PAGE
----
The debate about professional discipline took a sharp and unexpected turn last week, when the Lord Chancellor, Lord Irvine, suggested that accountants involved in fraud cases should have their disciplinary punishment handed down by the trial judge at the same time as they were sentenced for their crimes.
Under his proposal, judges would sit with two expert assessors, one of whom would be provided by the defendant’s professional body. In guilty cases, the judge would pass sentence, impose a disciplinary sanction, make a civil law award to those wronged and, if appropriate, disqualify the miscreant from acting as a director. One hearing would replace as many as eight and the process would take months, not years.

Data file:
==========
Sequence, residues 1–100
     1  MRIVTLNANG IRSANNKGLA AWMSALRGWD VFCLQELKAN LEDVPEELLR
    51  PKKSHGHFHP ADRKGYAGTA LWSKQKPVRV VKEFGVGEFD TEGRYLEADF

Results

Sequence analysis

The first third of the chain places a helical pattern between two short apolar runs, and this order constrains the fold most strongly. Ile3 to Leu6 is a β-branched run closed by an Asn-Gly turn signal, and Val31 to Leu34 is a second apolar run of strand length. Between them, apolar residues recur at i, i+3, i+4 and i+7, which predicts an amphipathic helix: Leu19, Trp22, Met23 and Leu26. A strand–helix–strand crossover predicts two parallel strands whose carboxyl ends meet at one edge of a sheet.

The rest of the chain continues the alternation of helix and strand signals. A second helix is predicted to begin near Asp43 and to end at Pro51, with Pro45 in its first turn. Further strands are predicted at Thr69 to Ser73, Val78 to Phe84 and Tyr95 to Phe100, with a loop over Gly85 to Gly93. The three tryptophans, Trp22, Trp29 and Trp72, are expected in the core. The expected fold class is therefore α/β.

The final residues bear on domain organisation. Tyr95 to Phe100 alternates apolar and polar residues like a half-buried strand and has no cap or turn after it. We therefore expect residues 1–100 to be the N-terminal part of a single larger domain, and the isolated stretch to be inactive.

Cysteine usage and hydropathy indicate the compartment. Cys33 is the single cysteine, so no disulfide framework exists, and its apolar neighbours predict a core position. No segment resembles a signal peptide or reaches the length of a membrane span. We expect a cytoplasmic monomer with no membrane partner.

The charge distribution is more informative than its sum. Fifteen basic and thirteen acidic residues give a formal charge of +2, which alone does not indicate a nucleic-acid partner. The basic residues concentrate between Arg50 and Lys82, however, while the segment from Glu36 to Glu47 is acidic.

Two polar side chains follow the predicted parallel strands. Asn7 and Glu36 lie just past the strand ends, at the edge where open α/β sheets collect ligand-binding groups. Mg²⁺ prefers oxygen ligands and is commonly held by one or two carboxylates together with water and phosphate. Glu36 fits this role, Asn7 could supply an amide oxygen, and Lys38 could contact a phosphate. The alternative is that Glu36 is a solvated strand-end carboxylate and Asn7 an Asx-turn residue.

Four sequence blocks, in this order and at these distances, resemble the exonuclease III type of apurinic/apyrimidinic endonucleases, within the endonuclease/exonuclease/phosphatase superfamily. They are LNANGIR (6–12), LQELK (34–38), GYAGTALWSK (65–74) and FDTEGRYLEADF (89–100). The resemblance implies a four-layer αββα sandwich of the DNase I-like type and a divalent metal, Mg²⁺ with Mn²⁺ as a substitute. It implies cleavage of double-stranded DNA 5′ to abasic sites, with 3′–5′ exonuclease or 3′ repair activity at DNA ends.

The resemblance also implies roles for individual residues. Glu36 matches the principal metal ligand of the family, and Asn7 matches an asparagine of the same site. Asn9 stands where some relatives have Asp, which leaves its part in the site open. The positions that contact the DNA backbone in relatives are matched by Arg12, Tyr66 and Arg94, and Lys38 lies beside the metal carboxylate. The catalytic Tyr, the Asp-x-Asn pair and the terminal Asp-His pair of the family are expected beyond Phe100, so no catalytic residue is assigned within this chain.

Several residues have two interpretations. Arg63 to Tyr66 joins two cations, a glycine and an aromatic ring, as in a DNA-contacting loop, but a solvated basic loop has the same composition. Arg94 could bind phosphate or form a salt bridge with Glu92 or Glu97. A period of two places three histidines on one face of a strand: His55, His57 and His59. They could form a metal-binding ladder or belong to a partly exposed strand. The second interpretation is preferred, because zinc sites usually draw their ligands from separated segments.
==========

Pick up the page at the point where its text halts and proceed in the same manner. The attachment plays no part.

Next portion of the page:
The case for making justice swifter is strong. It is also clear that the existing law is very poor at convicting fraudsters and those who help them. But adding the professional disciplinary process to the criminal trial has one serious drawback.
At present, accountancy bodies can discipline a member even if they are acquitted of a crime because their rules are about standards of professional conduct. To allow an accountant, whose behaviour was highly questionable, to escape disciplinary action just because the member had been cleared on a legal technicality, would do untold harm to the profession’s standing.
The law must move faster and be more effective. But professional discipline must always look wider than narrow questions of law.
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